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La Via Campesina

Zimbabwe: Water Harvesting in a Changing Climate

By Pelum Zimbabwe - La Via Campesina, July 15, 2022

“Water harvesting, in every sense should start at the household level. Water is sacred, and we have to nurture that love and relationship with water”

In this brief video, Nelson Mudzingwa from the Zimbabwe Small Holder Organic Farmers’ Forum explains the different techniques of water harvesting that is followed in six block of farms, cultivated with help from the Shashe Agroecology School.

He explains the use of dead level contours in preventing water from flowing off the land, and allows its infiltration into the soil.

“In the arable land we have nine earth dams and in the grazing area we have three earth dams. All the dams are connected in the arable land by a contour line. Our longest contour is almost 700 metres long, cutting across the arable land and connecting to homesteads. We have other contours that are less than 200 metres long. These contours are connected to the earth dams,” explains Nelson.

“Earth Dams, that can collect upto 200 cubic metres of water during heavy rains is another example of land-use that enable water harvesting”, he says. “Micro basins, about two feet deep, also help in harvesting water.”

“We also follow some upland techniques of water harvesting here. We build barriers, that can prevent run-off. All these techniques help us conserve the little rainfall we receive every year. Wet soil carries life, and we have to rely on all these techniques of water harvesting to survive a changing climate”. Nelson adds.

New Zealand-EU: another free trade agreement against European farmers

By Morgan Ody, Andoni García Arriola, and Antonio Onorati - La Via Campesina, July 4, 2022

The European Commission concluded negotiations on a free trade deal with New Zealand on Thursday 30th of June. The European Commission is talking about a deal that “contains unprecedented sustainability provisions and that takes into account the interests of EU producers of sensitive agricultural products”.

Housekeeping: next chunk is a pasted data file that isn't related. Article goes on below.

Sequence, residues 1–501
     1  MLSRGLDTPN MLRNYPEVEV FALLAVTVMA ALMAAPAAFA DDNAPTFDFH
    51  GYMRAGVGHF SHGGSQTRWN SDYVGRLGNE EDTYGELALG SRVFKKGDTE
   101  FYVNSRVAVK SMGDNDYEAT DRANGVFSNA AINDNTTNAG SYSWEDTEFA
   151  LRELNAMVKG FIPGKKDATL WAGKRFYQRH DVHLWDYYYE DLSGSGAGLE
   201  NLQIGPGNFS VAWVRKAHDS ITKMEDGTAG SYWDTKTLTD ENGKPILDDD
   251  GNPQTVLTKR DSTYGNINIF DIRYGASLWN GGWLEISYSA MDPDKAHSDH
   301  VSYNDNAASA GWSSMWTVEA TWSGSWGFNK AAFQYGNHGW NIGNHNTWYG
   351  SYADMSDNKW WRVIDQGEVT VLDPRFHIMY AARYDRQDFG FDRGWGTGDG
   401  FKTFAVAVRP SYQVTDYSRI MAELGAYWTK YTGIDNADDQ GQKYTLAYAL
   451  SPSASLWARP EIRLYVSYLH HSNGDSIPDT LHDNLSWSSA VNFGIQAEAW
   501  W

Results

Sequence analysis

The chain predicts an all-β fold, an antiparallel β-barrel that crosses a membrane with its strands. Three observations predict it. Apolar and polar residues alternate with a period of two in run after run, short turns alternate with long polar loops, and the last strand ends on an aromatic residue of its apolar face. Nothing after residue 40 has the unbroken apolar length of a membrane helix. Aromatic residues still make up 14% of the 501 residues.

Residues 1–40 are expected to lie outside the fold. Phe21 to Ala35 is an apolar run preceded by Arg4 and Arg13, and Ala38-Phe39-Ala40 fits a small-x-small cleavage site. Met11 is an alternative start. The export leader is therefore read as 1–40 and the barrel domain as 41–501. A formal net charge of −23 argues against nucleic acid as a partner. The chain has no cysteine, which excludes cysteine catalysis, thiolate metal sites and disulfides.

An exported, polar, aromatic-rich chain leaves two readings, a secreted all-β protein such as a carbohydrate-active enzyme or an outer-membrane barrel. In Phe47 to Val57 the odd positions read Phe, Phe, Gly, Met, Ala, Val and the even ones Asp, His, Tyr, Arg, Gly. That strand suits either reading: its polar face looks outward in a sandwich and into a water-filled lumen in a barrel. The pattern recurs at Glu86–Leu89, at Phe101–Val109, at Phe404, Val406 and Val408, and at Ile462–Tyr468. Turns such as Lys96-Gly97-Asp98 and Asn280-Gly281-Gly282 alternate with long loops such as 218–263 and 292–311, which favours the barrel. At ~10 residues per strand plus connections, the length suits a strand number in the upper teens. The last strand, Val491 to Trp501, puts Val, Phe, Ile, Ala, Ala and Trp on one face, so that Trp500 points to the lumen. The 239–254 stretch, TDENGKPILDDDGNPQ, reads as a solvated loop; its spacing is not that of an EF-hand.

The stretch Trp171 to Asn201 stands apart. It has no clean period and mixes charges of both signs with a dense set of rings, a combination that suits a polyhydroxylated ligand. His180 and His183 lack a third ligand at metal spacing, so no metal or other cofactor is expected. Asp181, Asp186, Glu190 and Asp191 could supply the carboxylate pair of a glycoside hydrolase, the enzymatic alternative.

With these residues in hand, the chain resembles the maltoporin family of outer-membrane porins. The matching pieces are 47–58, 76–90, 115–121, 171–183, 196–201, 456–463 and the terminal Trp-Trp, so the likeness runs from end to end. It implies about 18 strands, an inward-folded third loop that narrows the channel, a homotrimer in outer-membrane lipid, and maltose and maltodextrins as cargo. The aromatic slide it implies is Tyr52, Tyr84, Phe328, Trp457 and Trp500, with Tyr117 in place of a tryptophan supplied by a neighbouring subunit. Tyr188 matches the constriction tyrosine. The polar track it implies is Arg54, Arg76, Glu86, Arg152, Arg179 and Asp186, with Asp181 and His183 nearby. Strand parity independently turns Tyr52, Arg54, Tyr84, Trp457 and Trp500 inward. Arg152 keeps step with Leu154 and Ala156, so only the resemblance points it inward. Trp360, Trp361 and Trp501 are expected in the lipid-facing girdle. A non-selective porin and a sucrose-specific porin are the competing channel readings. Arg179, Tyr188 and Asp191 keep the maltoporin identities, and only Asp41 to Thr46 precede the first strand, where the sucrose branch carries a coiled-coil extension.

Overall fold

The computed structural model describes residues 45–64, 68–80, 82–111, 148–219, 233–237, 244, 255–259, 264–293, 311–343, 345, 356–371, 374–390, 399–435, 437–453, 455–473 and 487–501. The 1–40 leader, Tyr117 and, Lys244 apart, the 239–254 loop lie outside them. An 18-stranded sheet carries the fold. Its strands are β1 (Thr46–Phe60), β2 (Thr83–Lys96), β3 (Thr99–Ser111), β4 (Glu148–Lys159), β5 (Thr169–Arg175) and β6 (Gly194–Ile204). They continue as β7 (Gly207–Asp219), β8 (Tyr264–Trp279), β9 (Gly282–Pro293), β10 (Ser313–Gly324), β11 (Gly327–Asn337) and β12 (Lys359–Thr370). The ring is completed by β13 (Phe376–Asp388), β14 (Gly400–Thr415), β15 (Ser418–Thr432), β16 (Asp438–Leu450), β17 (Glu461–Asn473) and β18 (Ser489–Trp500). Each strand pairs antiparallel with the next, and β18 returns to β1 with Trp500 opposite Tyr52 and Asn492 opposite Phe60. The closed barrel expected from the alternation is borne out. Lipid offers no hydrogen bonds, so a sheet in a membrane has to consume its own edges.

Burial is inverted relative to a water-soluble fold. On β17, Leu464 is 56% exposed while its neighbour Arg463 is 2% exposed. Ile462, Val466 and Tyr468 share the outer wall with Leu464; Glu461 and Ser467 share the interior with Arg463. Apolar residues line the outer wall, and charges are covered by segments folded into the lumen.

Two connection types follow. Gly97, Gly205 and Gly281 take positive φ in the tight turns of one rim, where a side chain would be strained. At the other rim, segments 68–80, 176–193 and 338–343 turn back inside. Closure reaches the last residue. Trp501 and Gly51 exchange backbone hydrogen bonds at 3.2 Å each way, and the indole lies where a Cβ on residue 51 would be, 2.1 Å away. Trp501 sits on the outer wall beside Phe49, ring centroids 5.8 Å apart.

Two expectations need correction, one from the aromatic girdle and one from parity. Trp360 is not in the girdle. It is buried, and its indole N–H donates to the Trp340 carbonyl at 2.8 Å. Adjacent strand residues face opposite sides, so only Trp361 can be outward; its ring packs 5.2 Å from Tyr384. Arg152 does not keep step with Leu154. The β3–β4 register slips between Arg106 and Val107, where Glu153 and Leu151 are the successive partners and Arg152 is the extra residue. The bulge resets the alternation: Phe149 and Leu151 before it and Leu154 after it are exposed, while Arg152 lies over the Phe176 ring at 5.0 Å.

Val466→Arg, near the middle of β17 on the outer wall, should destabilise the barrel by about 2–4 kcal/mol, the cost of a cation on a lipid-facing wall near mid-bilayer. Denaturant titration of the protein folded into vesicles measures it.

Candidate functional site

But for the European Coordination of Via Campesina (ECVC), the voice of peasant’s farmers in Europe, this deal is still based on the obsolete trade paradigm, in which agricultural products are used in exchange with other commodities, disregarding the climate crisis and the income crisis European farmers are facing. With this additional free trade agreement the Commission loses all credibility in its proposals for the European Green Deal and the F2F by continuing to prioritize the agro-export business and the elites that benefit from it over the necessary changes that farmers, citizens and the planet need.

It is well known that New Zealand has much lower production costs than Europe for some animal products, such as milk, sheep and beef meat, which tend to depress world market prices. Opening new markets with New Zealand will impact even more the agricultural price crisis and farmers’ income crisis in Europe. Furthermore, New Zealand does not apply environmental, animal welfare and climate standards in the same way as European farmers do.

“How can such an agreement that includes sensitive agricultural products which can be sustainably and agroecologically produced in our territories be compatible with the Paris Agreement? Today, such kinds of agreements do not make any sense anymore” says Andoni García Arriola member of the coordinating committee of ECVC. “Agricultural trade should be considered as a sensitive sector and dealt separately from other trade commodities. The priority should be the construction of market regulation mechanisms that allow farmers everywhere in the world to get a fair income for producing for local sustainable food systems.”

“In the context of the current international food crisis and in order to reach the Farm to Fork objectives the EU should instead be engaging at an international level to promote a new Global Multilateral Framework for Executing International Trade, based on Peoples’ Food Sovereignty principles and per the UN Declaration on the Rights of Peasants and Other People Working in Rural Areas (UNDROP)”, says Morgan Ody, General coordinator of the peasant international movement La Via Campesina. For more information on La Via Campesina’s position, you can read this statement following the WTO negotiations here.

La Via Campesina calls on States to exit the WTO and to create a new framework based on food sovereignty

By staff - La Via Campesina, June 15, 2022

La Via Campesina, the global peasant movement representing the voices of more than 200 million small-scale peasants from Asia, Africa, Europe and the Americas, has been mobilizing all week against the WTO. The food crisis that is currently hitting the world is further proof that free trade – far from bringing about food security – is making people starve.

The World Trade Organization (WTO) has once again failed to offer a permanent solution on public stockholding for food security purposes. For more than eight years, rich countries have been blocking concrete proposals from African and Asian members of the G33 in this regard.